The earned income tax credit is often overlooked by taxpayers who did not earn a significant salary the previous year, but lower wage earners can benefit. 

The EITC is a federal income tax credit for people who held a job but earned less than $53,505 in 2016 and also meet the eligibility requirements of the IRS.

The EITC is considered a refundable credit and taxpayers could pay a lower amount in federal tax, pay no tax or even get a tax refund. Workers who do not have a qualifying child could be eligible for a smaller credit of up to $506 and the average amount the EITC adds is $2,400 to refunds, according to the IRS.

Whether taxpayers live in large metropolitan cities or more rural areas, the EITC can yield a maximum of a $6,269 refund for families with qualifying children.

Taxpayers who qualify for this credit either held down a job or owned or ran a farm or business. The eligibility varies on the number of children in the household, but single workers who are childless and earned less than $20,430 could qualify for a smaller credit.

Individuals who are not sure if they qualify, can estimate the amount of the credit by using the IRS EITC Assistant.

To receive the credit, all individuals must file a return whether or not they owe taxes. Filing electronically is the preferred method by the IRS. There are many free options, including the IRS Free File or community tax help websites.

In 2015, more than 26 million families and individuals received the EITC, consisting of 17% of all returns filed. Some people believe the credit is only available to people with children, but single individuals can still earn a credit, said Richard Lavina, CEO of Taxfyle, a Miami-based tax and accounting marketplace.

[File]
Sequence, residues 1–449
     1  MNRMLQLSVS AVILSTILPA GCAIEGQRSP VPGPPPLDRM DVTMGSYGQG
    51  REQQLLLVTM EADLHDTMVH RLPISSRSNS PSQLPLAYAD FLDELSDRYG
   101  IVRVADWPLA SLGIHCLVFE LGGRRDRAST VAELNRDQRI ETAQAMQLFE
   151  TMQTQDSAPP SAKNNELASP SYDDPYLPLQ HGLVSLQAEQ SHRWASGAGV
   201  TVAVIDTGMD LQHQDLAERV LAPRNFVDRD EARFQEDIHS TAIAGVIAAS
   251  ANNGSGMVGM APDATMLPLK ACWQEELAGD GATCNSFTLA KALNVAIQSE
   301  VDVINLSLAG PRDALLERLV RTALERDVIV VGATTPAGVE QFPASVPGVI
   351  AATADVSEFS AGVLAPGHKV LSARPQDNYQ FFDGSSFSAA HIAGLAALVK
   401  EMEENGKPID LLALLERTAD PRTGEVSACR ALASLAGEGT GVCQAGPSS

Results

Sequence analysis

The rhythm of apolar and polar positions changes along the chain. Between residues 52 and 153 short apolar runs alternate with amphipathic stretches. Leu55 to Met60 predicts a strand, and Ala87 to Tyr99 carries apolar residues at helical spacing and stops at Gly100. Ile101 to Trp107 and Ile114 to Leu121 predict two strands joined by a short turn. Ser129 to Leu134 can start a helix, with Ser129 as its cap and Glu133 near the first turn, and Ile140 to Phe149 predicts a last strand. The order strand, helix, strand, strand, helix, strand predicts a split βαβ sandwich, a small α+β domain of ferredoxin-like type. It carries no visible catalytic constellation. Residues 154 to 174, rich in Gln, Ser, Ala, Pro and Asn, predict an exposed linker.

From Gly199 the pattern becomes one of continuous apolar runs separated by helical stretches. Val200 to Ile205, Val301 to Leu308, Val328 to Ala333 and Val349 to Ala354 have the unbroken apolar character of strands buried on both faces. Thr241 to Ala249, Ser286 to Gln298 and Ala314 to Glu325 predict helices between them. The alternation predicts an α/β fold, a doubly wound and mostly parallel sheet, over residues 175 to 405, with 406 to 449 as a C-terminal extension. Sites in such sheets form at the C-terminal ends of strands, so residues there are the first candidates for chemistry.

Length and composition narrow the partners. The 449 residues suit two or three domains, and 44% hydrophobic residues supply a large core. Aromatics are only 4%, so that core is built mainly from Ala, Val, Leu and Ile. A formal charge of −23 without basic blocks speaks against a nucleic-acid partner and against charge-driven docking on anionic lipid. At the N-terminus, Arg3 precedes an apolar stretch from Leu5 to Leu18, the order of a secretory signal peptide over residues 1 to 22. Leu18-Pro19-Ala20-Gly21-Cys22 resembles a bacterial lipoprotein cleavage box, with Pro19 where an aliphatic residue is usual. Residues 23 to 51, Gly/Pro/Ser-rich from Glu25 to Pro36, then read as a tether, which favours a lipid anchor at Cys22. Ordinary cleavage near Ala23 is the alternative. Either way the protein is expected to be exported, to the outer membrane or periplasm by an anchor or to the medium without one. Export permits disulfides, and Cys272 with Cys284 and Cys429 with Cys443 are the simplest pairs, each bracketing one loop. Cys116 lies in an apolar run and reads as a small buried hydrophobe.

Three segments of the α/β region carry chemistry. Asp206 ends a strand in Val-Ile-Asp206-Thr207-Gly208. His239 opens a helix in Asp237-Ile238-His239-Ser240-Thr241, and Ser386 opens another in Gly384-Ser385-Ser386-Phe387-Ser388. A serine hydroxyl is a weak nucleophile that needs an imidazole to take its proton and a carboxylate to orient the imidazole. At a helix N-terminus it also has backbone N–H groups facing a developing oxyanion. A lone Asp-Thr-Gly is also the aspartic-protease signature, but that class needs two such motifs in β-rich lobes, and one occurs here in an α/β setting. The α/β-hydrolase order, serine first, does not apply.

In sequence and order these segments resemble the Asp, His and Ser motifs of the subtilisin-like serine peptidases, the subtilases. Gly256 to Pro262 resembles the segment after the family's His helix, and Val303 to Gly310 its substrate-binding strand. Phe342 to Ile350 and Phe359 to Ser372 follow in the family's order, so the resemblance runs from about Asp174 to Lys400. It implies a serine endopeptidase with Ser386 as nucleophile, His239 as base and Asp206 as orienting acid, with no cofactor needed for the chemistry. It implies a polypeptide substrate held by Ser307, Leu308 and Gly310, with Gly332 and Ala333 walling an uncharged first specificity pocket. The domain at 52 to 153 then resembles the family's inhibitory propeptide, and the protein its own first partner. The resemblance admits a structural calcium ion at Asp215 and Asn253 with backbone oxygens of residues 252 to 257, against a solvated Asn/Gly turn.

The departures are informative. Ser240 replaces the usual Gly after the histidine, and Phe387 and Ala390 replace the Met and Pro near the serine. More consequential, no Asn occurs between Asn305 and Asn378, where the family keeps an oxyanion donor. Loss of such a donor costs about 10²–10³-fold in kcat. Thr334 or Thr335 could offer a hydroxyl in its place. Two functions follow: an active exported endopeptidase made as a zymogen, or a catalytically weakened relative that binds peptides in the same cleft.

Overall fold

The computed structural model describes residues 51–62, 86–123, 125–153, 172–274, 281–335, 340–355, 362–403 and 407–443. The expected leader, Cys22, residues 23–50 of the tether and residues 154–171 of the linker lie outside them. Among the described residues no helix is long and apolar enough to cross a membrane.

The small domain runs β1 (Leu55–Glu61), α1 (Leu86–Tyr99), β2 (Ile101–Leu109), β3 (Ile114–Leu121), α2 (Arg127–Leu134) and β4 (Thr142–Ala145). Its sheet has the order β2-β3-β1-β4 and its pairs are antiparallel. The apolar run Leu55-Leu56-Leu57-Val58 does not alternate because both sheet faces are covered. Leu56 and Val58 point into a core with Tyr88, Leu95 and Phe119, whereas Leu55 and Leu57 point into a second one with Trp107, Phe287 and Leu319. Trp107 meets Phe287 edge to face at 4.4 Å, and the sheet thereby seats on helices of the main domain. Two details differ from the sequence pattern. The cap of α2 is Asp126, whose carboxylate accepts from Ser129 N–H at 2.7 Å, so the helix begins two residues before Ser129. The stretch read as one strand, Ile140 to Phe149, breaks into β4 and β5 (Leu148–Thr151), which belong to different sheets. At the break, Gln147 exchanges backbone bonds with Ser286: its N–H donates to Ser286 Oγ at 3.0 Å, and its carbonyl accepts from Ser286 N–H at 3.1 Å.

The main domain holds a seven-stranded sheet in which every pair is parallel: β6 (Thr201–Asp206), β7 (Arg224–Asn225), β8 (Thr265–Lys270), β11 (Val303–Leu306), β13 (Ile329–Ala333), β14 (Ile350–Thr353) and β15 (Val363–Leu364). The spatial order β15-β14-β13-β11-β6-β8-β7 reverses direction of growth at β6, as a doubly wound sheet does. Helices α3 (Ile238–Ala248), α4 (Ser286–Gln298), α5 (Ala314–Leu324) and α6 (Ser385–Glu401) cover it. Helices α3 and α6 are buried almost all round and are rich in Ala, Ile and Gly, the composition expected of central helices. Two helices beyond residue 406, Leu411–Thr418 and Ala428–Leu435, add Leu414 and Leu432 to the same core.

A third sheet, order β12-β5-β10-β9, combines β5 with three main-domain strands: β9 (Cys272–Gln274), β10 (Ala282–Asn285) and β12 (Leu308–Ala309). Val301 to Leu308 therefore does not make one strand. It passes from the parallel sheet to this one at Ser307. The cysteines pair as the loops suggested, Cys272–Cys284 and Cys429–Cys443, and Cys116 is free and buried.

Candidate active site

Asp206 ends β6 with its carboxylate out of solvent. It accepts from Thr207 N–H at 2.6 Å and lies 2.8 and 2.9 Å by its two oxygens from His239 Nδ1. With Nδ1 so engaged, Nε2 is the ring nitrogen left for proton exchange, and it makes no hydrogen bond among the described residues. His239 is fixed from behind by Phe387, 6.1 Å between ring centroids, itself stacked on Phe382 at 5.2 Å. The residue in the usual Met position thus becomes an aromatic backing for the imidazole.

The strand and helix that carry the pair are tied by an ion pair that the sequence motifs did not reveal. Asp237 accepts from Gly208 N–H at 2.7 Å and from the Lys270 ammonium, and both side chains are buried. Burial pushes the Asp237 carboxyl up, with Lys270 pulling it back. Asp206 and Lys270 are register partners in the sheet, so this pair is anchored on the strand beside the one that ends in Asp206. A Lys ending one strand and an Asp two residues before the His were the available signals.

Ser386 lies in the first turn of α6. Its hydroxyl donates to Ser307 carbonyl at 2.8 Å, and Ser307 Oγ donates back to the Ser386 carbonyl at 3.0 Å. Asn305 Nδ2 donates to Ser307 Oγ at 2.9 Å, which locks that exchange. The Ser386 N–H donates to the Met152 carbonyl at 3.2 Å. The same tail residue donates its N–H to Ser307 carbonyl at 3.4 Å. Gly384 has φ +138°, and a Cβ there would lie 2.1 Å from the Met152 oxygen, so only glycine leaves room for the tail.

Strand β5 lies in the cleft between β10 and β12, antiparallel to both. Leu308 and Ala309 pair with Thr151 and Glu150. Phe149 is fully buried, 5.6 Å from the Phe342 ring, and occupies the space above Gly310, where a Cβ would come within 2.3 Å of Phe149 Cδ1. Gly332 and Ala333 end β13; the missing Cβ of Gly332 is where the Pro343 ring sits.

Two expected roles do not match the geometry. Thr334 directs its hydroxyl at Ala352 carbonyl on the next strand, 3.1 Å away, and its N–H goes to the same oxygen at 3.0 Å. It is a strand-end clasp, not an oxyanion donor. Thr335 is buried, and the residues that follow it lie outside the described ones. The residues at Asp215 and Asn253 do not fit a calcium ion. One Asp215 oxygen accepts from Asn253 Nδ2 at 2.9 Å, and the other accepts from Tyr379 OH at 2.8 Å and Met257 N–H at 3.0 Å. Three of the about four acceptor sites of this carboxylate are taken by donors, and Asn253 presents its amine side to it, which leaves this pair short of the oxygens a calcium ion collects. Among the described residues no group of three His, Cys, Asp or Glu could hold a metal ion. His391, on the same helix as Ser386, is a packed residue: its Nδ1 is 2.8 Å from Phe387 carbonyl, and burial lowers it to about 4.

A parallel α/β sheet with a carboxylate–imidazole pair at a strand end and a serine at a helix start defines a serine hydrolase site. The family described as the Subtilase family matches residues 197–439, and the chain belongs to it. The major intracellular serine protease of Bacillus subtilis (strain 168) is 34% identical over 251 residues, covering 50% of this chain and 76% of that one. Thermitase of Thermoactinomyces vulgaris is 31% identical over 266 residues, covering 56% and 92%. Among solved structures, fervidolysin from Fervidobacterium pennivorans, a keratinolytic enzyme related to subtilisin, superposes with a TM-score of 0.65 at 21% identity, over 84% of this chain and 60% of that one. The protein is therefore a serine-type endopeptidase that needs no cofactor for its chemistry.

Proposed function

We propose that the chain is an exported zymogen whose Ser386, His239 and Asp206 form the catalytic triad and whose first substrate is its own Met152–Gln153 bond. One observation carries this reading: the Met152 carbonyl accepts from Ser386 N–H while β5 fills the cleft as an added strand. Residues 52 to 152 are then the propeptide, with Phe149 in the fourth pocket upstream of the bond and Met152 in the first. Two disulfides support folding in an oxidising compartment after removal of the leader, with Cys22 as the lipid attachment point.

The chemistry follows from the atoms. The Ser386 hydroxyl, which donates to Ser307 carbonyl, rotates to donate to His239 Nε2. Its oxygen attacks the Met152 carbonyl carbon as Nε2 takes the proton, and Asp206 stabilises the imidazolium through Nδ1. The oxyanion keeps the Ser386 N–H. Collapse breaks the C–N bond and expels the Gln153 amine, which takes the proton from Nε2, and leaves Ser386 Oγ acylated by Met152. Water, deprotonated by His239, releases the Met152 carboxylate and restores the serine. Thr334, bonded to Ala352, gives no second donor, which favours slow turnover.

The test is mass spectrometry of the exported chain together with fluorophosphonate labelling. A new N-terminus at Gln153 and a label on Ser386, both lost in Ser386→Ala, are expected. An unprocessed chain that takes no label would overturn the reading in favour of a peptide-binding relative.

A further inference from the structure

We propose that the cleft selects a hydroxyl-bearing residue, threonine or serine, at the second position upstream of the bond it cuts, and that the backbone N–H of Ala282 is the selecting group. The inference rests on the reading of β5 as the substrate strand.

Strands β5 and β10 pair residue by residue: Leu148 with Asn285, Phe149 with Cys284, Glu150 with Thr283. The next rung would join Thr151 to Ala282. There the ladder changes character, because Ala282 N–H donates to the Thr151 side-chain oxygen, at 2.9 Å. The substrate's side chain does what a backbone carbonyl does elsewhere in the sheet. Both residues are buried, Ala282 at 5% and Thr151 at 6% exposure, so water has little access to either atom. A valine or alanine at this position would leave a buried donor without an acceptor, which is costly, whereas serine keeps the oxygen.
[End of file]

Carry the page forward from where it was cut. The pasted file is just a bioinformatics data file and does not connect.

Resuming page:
To qualify for the credit, individuals and their family members must be U.S. citizens with valid social security numbers, were a citizen or resident alien the entire year, did not have foreign income and must file a return as anything other than married filing separately, he said.

"If you are not claiming a qualifying child, you or your spouse must be born between 1950 and 1990, and you cannot be claimed as a dependent on anyone else's return," Lavina said. "As you can see, there are many factors to consider, but a fair amount of individuals and families that can qualify for the credit."

Millennials are similar to other taxpayers, among whom one in five people are eligible for the EITC fail to claim the credit, said Suzanne Shier, tax strategist at Northern Trust, a Chicago-based financial services company.

"The Millennials who are in early career positions with growing families or making a transition from a two-income family to a single income family with the arrival of children may find that they meet the eligibility requirements for the credit," she said.

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